Carbon taxes also avoid the baseline quandary that bedevils carbon markets. For example, signatories to the Kyoto Protocol are supposed to cut their emissions of greenhouse gases by 7 percent below what they emitted in 1990. Why? That goal has no relationship to any specific environmental policy objective. In fact, achieving the cuts specified by the Kyoto Protocol goals would reduce projected average global temperatures by only about 0.07 degrees Celsius by 2050. And, as the stalled international negotiations about what to do after the Kyoto Protocol expires in 2012 show, it is very difficult to set new baselines. Also, where should baselines be established for rapidly growing economies like China and India, whose energy use and emissions are expected to more than double by 2030? Under the Kyoto Protocol, the natural baseline is what emissions would be without any restraints. However, calculating or predicting what a country’s emissions will be 20 to 30 years in the future is impossible to do with accuracy.
Under a pollution tax scheme, says William Nordhaus, the Yale economist who has been the leading advocate of this approach, “The natural baseline is a zero-carbon-tax level of emissions, which is a straightforward calculation for old and new countries. Countries’ efforts are then judged relative to that baseline.”
Another advantage is that the tax could be phased in to poor countries once average incomes reach a certain threshold. For example, carbon taxes might start to kick in when national income reaches $5,000 per capita, slightly higher than China’s current level. More generally, having a defined tax rate makes it easy for firms in developed and developing economies alike to predict the future impact of climate policy on their bottom line—something that is considerably harder to do when the government is handing out permits every year.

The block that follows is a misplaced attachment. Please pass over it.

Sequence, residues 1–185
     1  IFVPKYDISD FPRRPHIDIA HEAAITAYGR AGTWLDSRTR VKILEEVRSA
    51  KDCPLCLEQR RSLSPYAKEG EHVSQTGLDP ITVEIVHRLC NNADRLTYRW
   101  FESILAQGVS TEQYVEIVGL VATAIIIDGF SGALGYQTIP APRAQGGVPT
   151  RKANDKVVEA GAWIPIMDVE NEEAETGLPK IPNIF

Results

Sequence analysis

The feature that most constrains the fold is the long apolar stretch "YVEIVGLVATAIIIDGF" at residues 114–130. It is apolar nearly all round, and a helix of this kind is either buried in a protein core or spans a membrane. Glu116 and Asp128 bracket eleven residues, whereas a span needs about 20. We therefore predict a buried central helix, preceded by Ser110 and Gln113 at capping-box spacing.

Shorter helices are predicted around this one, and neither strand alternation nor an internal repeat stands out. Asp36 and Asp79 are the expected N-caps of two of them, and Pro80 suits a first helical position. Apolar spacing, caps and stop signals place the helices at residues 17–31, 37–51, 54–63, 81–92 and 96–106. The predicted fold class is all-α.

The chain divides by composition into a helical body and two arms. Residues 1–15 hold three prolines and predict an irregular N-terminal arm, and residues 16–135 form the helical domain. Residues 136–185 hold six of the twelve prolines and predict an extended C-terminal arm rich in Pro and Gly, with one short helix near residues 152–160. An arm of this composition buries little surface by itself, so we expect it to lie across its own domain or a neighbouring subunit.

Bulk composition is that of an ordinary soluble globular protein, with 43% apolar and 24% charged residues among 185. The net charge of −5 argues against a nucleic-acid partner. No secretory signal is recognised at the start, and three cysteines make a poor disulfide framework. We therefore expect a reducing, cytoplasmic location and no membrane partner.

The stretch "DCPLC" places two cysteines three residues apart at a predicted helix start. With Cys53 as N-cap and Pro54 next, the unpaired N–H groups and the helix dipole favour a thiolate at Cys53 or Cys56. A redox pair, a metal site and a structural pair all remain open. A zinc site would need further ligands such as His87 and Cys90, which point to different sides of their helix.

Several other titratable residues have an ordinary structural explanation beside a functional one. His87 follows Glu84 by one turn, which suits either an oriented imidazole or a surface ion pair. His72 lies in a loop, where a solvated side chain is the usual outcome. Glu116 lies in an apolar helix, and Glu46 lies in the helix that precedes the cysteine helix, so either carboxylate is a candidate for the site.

A tax avoids the messy and contentious process of allocating allowances to countries internationally and among companies domestically. Nordhaus says that carbon markets are “much more susceptible to corruption” than are tax schemes. “An emissions-trading system creates valuable tradable assets in the form of tradable emissions permits and allocates these to different countries,” writes Nordhaus. “Limiting emissions creates a scarcity where none previously existed and in essence prints money for those in control of the permits.”
A carbon tax also offers less opportunity for corruption because it does not create artificial scarcities and monopolies. Of course, governments can engage in chicanery by dispensing tax breaks and subsidies to favored companies and industries. But Nordhaus analogizes carbon allowances to quotas in international trade and carbon taxes to tariffs: overall, it’s been a lot easier to manage tariffs than quotas.
The main objections to using carbon taxes to limit the emissions of CO2 are that such taxes have never been used internationally, that they are politically difficult to establish because consumers and businesses dislike taxes, and that they do not establish an actual firm limit on emissions.
Although businesses—especially utilities involved in the SO2 market—might initially prefer a carbon market, the price stability promised by carbon taxes should eventually win most companies over. Taxpayers can be brought on board if carbon taxes are used, for instance, to reduce their payroll tax burdens. “The great political advantage of carbon taxes is that they raise large revenues which governments can use to reduce other unpopular and more distorting taxes, or finance popular spending programs,” says Robert Shapiro, who served as undersecretary of commerce for economic affairs under President Clinton and is now a private consultant. As for establishing precise limits on emissions, taxes can be adjusted over time to achieve whatever limits policymakers decide best balance the costs of climate change with the benefits of economic progress. Nordhaus suggests that the optimal carbon tax trajectory, balancing costs and benefits, would start with a tax of about $17 per ton, rising to $84 in 2050 and $270 in 2100. Economist Paul Portney, former president of the Resources for the Future think tank and now dean of Arizona University’s Eller College of Management, proposes starting with a $5-per-ton tax on carbon and raising it by $5 per ton every other year. The first year would raise $9 billion in revenues for the Treasury, rising to $25 billion by 2010 and $75 billion by 2020. A $25-per-ton carbon tax translates into a 5 percent increase in average electricity rates and a boost of about 6 cents per gallon of gasoline.
As the end of the Bush administration approaches, few doubt that the United States will start limiting its greenhouse gas emissions after 2008. But what that will mean for individual companies, the economy as a whole, and ultimately the planet remains to be seen.